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Coronavirus Sets Up Yum China for a Challenging 2020

Despite the outbreak, we're not planning material changes to our fair value estimate and see several reasons why investors should remain optimistic.

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Yum China Holdings Inc

Wide-moat Yum China's YUMC solid finish to 2019 (3% comps at KFC, flat comps at Pizza Hut, 90 basis points of restaurant margin expansion to 12.4%) was overshadowed by the impact of the coronavirus outbreak. While other consumer companies have provided cautionary statements about the impact of coronavirus, Yum China offered the most details to date, saying that had temporarily closed one third of its restaurants (more than 3,000) and that comps at those locations that remained open fell between 40%-50% during the Chinese New Year holiday (though it noted that delivery sales "have held up well"). Management also warned that the company could post an operating loss during the first quarter, and if sales trends continue, the full year. While the coronavirus situation remains fluid, we expect full-year comps to decline 15%-20% (including 30%-40% in the first quarter) with operating margins coming in just above breakeven.

While the impact of coronavirus appears to be more significant than previous illnesses in the region and Yum China has a long year ahead, we're not planning material changes to our $54 fair value estimate and see several reasons why investors should remain optimistic. First, delivery represented 21% of sales in 2019, and while this channel will not be sufficient to offset physical store traffic declines, near-term consumer adoption trends could lead to increased delivery order frequency as discretionary spending in the region recovers. Second, value-oriented players tend to outperform during times of uncertainty, positioning KFC (and Pizza Hut's recent price alignment efforts to a lesser extent) for transaction outperformance as the year progresses. Third, periods of uneven spending force consumer companies to become more efficient operators. This includes discussions with suppliers/landlords for more favorable pricing terms, something that could materialize as Yum China remains aggressive with restaurant openings (including 800-850 in 2020).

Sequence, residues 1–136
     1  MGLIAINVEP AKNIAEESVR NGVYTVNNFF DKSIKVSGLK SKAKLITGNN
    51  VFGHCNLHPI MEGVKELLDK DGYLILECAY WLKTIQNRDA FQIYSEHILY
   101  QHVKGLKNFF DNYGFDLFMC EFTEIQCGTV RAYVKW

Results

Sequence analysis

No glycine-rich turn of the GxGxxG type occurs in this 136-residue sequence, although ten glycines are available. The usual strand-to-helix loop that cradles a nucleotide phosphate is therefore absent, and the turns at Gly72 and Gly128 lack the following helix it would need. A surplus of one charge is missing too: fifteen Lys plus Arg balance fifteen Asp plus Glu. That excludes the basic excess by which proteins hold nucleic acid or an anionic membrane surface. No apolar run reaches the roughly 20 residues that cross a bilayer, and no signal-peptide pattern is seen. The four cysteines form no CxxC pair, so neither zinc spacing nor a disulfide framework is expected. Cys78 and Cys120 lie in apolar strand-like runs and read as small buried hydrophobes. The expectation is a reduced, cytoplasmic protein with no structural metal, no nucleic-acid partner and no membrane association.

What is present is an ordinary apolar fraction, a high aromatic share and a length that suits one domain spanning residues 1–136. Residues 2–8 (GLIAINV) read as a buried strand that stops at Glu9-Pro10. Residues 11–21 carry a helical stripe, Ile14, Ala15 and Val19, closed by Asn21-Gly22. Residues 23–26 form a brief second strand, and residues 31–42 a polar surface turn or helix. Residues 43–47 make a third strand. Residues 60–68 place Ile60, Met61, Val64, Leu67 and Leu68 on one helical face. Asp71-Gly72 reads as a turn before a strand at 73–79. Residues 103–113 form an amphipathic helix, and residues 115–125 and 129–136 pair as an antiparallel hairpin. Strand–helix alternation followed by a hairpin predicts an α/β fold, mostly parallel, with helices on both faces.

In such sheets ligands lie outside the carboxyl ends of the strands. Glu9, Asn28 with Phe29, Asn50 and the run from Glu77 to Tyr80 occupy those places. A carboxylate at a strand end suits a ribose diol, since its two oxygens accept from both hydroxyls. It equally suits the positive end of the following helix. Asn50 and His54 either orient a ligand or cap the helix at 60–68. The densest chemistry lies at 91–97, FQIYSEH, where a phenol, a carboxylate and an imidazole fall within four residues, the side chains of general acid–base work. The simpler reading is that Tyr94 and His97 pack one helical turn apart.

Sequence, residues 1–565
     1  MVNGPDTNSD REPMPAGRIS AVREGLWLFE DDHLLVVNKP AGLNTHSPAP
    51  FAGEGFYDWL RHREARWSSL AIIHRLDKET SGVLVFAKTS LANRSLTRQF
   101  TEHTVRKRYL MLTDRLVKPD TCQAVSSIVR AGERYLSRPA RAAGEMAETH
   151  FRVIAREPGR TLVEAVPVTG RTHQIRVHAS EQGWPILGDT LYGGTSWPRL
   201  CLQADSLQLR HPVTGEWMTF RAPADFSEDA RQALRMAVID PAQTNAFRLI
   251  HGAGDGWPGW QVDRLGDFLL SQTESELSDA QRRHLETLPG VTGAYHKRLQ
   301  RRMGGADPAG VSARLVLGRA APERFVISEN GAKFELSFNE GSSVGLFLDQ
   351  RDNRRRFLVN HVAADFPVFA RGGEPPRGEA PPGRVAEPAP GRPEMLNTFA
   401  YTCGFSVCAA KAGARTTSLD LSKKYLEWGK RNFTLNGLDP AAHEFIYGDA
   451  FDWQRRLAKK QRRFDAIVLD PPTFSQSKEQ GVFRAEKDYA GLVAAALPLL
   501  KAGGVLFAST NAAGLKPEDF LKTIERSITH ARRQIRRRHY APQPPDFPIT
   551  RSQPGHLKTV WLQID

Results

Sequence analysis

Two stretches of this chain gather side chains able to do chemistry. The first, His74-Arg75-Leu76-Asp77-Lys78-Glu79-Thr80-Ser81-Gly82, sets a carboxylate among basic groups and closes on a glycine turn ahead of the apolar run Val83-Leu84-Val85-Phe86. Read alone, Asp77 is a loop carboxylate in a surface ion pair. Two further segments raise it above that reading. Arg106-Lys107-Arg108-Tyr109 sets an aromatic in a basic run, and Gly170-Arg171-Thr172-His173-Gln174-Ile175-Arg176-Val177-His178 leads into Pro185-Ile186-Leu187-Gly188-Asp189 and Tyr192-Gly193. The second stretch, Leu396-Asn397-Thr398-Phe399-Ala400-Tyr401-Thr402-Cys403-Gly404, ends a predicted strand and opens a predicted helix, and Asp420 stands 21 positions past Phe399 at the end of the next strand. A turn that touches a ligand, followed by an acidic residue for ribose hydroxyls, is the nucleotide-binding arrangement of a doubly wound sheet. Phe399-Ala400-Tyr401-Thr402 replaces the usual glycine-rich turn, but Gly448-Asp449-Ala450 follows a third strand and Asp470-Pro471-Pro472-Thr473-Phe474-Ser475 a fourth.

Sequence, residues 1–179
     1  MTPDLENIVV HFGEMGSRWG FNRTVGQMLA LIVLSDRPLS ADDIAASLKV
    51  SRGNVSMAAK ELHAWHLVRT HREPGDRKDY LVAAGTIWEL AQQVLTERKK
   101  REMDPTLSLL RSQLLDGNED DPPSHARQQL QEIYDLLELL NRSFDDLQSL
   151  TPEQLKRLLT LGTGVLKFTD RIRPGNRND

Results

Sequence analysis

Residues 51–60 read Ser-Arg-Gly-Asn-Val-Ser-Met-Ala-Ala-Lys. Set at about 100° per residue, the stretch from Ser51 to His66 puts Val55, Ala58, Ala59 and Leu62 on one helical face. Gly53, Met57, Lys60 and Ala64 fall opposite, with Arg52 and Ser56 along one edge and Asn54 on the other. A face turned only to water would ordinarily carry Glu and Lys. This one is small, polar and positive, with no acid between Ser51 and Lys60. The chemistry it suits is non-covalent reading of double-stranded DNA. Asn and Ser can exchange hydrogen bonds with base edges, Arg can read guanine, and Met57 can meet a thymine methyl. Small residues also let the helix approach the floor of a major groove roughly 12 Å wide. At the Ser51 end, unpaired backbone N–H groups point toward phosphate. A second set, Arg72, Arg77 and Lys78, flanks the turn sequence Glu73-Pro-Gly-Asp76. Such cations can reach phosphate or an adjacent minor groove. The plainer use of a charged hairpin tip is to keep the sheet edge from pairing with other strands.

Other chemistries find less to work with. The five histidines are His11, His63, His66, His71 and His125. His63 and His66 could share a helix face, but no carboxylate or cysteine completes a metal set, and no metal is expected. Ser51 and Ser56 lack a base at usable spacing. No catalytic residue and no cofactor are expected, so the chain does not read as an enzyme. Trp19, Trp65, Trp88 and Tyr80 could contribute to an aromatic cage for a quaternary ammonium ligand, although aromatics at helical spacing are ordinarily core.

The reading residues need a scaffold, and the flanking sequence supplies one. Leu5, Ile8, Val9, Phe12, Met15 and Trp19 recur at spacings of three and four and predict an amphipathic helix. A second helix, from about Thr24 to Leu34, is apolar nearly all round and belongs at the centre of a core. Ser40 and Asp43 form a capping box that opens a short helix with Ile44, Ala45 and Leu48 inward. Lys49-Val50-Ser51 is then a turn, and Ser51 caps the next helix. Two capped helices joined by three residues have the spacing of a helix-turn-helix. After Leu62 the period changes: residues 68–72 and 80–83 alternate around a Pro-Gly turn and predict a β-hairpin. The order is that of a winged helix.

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About the Author

R.J. Hottovy

Sector Strategist
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R.J. Hottovy, CFA, is a consumer strategist for Morningstar Research Services LLC, a wholly owned subsidiary of Morningstar, Inc. He is responsible for consumer discretionary and staples research. He has covered the consumer sector as an analyst and director of global consumer equity research for Morningstar since joining the company in 2008, and specializes in a broad range of consumer categories including restaurants, footwear and apparel retailers, consumer electronics retailers, fitness clubs, home improvement and furnishing retailers, and consumer product manufacturers.

Before joining Morningstar, Hottovy was a director and senior stock analyst for Next Generation Equity and an analyst for William Blair & Co., specializing in a wide range of retail and consumer product companies. He also spent two years at Deutsche Bank, covering waste management, water utilities, and equipment rental stocks.

Hottovy holds a bachelor’s degree in finance and a second degree in computer applications from the University of Notre Dame, where he graduated magna cum laude. He also holds the Chartered Financial Analyst® designation and is a member of the CFA Institute and the CFA Society of Chicago.

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